The state of Pennsylvania violated its own competitive-bidding rules because it was “hellbent” on awarding Edison Schools Inc. a $2.7 million “sweetheart deal” to study the Philadelphia school district, the state’s auditor general charged last week.
In a searing 64-page report, Robert P. Casey Jr. said the Pennsylvania Department of Education had broken procurement laws when it awarded the New York City-based school-management company the contract in July 2001 without entertaining competing bids.
The audit report is available from the Pennsylvania Department of the Auditor General. (Requires Adobe’s Acrobat Reader.)
He blasted the department for proceeding without enough evidence that Edison’s fee was reasonable, that it was the most qualified contractor for the job, or that the study was necessary. More than a dozen analyses of the district had been performed in the previous five years, the report says.
Taken together, Mr. Casey said, the findings suggest that the decision was driven more by close ties than appropriate business practice, though he acknowledged he had no information to illuminate the nature of those ties.
“State officials were hellbent on giving Edison this contract, and the way they went about it shows how intertwined they are with Edison,” he asserted. “It’s very troubling.”
Edison’s study and its subsequent $60 million, five-year contract to run 20 of the 45 Philadelphia schools now under private management have long attracted controversy. But Mr. Casey’s audit findings threw a spark into the debate at a time when the beleaguered, 200,000- student district had been focusing on the nuts-and-bolts tasks of running schools amid big changes spurred by a state takeover last December.
The audit was released a day after the Philadelphia City Council filed a lawsuit in the state’s highest court to challenge the state takeover as a violation of the city’s home-rule charter. The suit was filed in federal court last year, but the court held that it should be heard in state court.
Edison officials dismissed the audit findings as politically motivated. They noted that Mr. Casey, a Democrat who unsuccessfully sought the governor’s seat this year, is a foe of school privatization. In addition, they said, the auditor general has long been at odds with state Secretary of Education Charles B. Zogby, who shares the pro-privatization view of former Gov. Tom Ridge, the Republican who appointed him.
“Our opponents will try to do anything to derail Edison Schools,” said company spokesman Adam Tucker. “We were simply a vendor hired to do the job. Our report formed the foundation for the reform happening now, and that’s evidence that we did a first-rate job.”
David La Torre, a spokesman for Gov. Mark S. Schweiker, who replaced Mr. Ridge after he became the Bush administration’s director of homeland security, said he was “disappointed” that Mr. Casey was “playing the role of partisan attack dog.” The Edison study was “a great investment” that will help the district improve, Mr. La Torre maintained.
Mr. Zogby remains confident that the education department followed proper procedures in hiring Edison, said department spokeswoman Beth Gaydos-Williams. The department has contended that an “emergency procurement” provision in the law allowed it to hire Edison without competitive bids, because a study was needed within 60 days as part of talks between Gov. Ridge and Philadelphia Mayor John F. Street, a Democrat, over the fate of the city’s schools.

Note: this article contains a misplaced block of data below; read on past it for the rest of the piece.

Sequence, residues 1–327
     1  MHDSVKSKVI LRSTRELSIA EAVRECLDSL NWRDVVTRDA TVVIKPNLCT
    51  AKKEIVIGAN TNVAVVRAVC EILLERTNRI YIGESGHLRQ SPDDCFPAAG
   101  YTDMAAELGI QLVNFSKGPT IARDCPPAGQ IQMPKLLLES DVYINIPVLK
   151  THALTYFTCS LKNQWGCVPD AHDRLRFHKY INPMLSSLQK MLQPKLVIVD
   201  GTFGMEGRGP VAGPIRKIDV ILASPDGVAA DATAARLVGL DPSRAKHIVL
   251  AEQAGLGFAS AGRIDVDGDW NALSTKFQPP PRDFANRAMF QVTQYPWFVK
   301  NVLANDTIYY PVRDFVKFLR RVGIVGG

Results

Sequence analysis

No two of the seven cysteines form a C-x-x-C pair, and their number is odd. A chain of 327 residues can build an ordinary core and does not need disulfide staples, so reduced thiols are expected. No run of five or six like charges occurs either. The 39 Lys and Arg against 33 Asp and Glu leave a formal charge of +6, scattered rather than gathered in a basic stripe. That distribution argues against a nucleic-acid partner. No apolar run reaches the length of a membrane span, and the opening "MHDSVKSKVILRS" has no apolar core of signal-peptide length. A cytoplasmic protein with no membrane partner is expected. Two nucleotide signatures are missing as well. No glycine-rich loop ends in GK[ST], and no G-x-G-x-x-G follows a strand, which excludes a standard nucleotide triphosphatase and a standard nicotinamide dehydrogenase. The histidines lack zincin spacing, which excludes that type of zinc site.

But Mr. Casey’s report disputed that claim, contending the department had gotten approval from the state’s department of general services to proceed with the Edison contract before the deadline for the study was set. That raises the question, he said in the report, of whether the deadline was simply a “ploy to justify” avoiding competitive bids.
F. Joseph Merlino, who independently examined Edison’s contract, said Edison never adequately examined a set of interrelated problems that drove the district’s crisis and led to its takeover. The state underfunds the district, he said, leaving city teachers underpaid, which drives a high turnover rate, which in turn contributes to poor student performance.
“It was an outrageous sum of money to spend for inferior research,” said Mr. Merlino, who trains city mathematics teachers through a grant program based at La Salle University in Philadelphia. “It was a document that justified a political takeover.”
The audit findings confirm a feeling among some Pennsylvania educators that the state seemed unusually eager to award the contract to Edison, said Thomas J. Gentzel, the executive director of the Pennsylvania School Boards Association.
“It struck a number of us as being a bit odd when Edison was called on to do this work, especially when a rumor circulated and was later confirmed that Edison was going to be asked to run a number of schools,” he said. “It seemed inappropriate on its face. There was a concern everything had been lined up in advance.”
Not so, said Mr. Tucker, the Edison spokesman. But he acknowledged that the Republican administration and Edison share a philosophical outlook that views private management as a potentially potent aid to school improvement. “It’s an obvious connection,” he said.
A version of this article appeared in the November 27, 2002 edition of Education Week as Pa. Auditor General Blasts Edison Contract